To be clear, public defenders are not the problem: At their best, they are the champions of our rights, people who strive to be David when Goliath shows up. The problem is that states refuse to adequately support and properly structure this critical function. Indeed, the overwhelming majority of criminal cases in this country proceed against people who cannot afford to hire their own attorney. Roughly four out of five criminal defendants do not have the means to hire a lawyer and rely on public defenders or court-appointed lawyers. Without adequate public defense, most people in the criminal legal system face the full force of government power with nothing more than illusory rights. The constitutional rights we owe to someone before they are incarcerated simply cannot be vindicated in five minutes, yet that is all defendants in a given courtroom may get with their public defender before their liberty is taken away — if they’re “lucky.” And if you think this doesn’t affect you, your loved ones, or your friends, consider that an estimated one in three Americans will be arres­ted by the age of 23.

We should all be concerned that in many places around the country the constitutional right to counsel is unrealized. But the right to counsel also protects other constitutional rights. When we don’t protect the right to counsel, we also sacrifice our rights against unreasonable searches and seizures, against excessive bail, to confront one’s accusers, to have prosecutors disclose exculpatory evidence before trial, and many others.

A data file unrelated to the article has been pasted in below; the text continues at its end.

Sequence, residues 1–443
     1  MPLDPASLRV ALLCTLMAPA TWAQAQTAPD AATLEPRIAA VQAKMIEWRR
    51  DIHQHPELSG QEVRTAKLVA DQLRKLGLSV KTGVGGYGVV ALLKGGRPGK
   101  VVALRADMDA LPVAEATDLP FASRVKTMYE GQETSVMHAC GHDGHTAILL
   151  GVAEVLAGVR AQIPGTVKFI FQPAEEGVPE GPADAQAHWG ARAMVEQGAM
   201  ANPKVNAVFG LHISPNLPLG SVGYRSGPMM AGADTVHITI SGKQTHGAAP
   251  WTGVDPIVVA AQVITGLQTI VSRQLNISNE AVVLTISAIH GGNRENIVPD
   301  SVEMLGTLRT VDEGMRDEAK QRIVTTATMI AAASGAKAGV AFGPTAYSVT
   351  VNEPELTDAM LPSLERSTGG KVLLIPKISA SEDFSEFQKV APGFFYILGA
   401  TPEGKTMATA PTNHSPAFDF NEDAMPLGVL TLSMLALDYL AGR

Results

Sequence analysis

Moreover, as Premal Dharia has observed, crucial policy changes like ending cash bail, increasing diversion programs, ending prosecution of certain drug or minor cases, and using discretion not to seek the death penalty “won’t have nearly the impact they could because a critical piece of the infrastructure is missing: resourced public defenders.”

The judges who adjudicate our public defense lawsuits take an oath of office to support and defend the Constitution; too often we have to turn to them for redress when the right to counsel is under attack. But those judges are not the only actors in the system who must actively take steps to solve this crisis. Lawmakers, prosecutors, and judges in criminal courts must all do a better job ensuring that people are not threatened with incarceration without the benefit of a rigorous defense and access to all the rights our Constitution guarantees. For legislators, this means funding and properly structuring public defense. For prosecutors, this means using their vast discretion to dismiss or divert cases. For criminal court judges, the oath to uphold the Constitution means intervening when they see that an individual defendant’s right to counsel is going unfulfilled and when they see that the system as a whole is failing.